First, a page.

shed (n.) Look up shed at Dictionary.com
"building for storage," 1855, earlier "light, temporary shelter" (late 15c., shadde), possibly a dialectal variant of a specialized use of shade (n.). Originally of the barest sort of shelter. Or from or influenced in sense development by Middle English schudde (shud) "a shed, hut."
shed (v.) Look up shed at Dictionary.com
"cast off," Old English sceadan, scadan "to divide, separate, part company; discriminate, decide; scatter abroad, cast about," strong verb (past tense scead, past participle sceadan), from Proto-Germanic *skaithan (cognates: Old Saxon skethan, Old Frisian sketha, Middle Dutch sceiden, Dutch scheiden, Old High German sceidan, German scheiden "part, separate, distinguish," Gothic skaidan "separate"), from *skaith "divide, split."

According to Klein's sources, this probably is related to PIE root *skei- "to cut, separate, divide, part, split" (cognates: Sanskrit chid-, Greek skhizein, Latin scindere "to split;" Lithuanian skedzu "I make thin, separate, divide;" Old Irish scian "knife;" Welsh chwydu "to break open"). Related: Shedding. A shedding-tooth (1799) was a milk-tooth or baby-tooth.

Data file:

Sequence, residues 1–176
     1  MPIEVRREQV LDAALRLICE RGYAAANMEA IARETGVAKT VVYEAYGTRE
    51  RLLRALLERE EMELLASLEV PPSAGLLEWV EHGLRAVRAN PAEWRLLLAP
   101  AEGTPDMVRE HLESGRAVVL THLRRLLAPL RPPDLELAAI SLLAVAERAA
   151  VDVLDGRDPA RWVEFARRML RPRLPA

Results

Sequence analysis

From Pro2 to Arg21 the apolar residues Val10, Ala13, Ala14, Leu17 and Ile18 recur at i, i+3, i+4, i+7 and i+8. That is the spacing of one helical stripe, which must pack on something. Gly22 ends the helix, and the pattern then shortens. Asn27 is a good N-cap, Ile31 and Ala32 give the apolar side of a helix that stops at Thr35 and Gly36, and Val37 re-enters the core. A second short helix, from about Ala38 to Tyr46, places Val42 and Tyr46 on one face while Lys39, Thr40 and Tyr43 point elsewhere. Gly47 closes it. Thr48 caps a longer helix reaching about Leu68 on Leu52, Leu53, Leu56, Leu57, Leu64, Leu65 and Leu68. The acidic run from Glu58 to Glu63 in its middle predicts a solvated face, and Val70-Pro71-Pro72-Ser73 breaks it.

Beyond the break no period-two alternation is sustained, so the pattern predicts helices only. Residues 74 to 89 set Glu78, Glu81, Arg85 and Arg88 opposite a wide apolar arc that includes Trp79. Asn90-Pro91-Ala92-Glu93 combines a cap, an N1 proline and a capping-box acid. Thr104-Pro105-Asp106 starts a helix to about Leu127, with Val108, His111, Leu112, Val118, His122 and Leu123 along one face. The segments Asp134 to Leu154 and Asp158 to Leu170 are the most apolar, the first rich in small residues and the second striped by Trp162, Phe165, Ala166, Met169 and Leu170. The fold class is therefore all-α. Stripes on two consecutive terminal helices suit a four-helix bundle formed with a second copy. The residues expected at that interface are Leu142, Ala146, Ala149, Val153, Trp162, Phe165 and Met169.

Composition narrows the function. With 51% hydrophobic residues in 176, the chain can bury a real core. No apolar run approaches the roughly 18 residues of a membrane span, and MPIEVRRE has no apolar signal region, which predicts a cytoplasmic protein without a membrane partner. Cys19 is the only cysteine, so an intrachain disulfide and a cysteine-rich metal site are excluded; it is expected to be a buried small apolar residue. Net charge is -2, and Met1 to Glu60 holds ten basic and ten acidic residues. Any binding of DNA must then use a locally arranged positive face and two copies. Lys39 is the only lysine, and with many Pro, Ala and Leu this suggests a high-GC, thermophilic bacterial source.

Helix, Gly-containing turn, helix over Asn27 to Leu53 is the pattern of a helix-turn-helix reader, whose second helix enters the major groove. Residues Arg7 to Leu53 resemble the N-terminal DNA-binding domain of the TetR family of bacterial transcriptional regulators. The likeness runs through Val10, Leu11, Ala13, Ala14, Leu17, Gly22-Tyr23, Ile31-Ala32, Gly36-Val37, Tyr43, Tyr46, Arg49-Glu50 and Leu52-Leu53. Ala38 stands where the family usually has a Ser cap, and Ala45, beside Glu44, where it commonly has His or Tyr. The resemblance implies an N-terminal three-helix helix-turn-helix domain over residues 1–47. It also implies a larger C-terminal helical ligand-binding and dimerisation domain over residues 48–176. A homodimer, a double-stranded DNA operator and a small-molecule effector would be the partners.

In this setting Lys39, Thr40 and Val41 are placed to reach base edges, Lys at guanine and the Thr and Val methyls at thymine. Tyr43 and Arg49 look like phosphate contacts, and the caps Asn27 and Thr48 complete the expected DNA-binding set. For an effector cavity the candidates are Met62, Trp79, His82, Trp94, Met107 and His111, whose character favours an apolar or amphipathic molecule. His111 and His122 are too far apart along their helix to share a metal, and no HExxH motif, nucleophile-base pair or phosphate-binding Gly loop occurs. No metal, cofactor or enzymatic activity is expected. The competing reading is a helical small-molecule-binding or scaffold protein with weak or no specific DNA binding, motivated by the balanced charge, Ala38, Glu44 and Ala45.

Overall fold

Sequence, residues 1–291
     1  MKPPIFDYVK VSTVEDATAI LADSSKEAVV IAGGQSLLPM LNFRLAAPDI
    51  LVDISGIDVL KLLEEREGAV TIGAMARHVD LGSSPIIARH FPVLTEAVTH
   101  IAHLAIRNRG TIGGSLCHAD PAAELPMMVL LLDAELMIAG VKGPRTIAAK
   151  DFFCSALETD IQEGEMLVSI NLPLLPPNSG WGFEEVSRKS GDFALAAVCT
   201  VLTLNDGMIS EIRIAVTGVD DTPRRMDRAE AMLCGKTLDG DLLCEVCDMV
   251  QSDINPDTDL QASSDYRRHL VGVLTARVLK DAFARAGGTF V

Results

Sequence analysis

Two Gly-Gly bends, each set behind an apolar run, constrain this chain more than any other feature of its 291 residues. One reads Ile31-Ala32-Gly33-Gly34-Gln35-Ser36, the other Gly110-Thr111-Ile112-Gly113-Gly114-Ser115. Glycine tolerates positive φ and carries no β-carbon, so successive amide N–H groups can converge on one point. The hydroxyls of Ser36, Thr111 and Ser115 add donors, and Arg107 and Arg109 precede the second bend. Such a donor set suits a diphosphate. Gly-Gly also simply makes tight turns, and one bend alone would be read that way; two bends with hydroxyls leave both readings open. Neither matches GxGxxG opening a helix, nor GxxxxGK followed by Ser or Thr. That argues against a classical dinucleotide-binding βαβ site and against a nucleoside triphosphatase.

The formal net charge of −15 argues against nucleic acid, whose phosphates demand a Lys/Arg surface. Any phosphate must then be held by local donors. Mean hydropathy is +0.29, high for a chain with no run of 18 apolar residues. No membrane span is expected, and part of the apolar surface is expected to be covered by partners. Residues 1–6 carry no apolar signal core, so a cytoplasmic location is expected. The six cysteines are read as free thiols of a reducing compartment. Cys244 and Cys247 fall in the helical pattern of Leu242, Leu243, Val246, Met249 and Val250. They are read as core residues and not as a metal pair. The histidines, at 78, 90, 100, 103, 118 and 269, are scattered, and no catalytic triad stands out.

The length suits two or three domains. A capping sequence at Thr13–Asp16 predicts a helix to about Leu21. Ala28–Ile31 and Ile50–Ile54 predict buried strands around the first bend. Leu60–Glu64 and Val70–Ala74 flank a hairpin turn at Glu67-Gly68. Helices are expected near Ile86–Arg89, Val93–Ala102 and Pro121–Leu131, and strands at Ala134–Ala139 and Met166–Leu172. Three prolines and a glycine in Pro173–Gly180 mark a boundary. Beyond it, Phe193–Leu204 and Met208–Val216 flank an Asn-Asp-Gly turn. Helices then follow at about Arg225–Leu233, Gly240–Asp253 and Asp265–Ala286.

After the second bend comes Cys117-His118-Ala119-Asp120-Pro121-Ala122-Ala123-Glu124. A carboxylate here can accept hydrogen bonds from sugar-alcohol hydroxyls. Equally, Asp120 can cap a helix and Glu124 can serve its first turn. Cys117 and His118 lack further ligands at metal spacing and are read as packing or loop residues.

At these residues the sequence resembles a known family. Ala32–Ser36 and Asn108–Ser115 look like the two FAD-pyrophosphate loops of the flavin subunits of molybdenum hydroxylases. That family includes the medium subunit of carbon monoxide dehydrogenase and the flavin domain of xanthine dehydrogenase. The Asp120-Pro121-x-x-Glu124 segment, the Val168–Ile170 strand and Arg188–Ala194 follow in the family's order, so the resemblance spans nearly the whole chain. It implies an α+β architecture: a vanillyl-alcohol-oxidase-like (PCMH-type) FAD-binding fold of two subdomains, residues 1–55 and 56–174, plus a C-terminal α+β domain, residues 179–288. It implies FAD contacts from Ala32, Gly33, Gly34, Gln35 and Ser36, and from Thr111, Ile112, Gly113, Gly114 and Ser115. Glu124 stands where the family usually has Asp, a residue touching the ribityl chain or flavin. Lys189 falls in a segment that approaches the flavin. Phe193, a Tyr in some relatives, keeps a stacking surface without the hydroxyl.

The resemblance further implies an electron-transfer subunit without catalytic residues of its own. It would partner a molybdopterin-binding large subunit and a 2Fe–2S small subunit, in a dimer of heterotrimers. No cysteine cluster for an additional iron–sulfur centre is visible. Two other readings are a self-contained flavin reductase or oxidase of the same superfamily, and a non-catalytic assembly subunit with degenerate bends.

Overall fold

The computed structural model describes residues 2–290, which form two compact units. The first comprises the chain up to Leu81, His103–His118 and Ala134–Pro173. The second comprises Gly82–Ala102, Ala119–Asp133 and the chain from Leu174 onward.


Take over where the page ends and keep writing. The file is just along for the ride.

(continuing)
In reference to animals, "to lose hair, feathers, etc." recorded from c.1500; of trees losing leaves from 1590s; of clothes, 1858. This verb was used in Old English to gloss Late Latin words in the sense "to discriminate, to decide" that literally mean "to divide, separate" (compare discern). Hence also scead (n.) "separation, distinction; discretion, understanding, reason;" sceadwisnes "discrimination, discretion."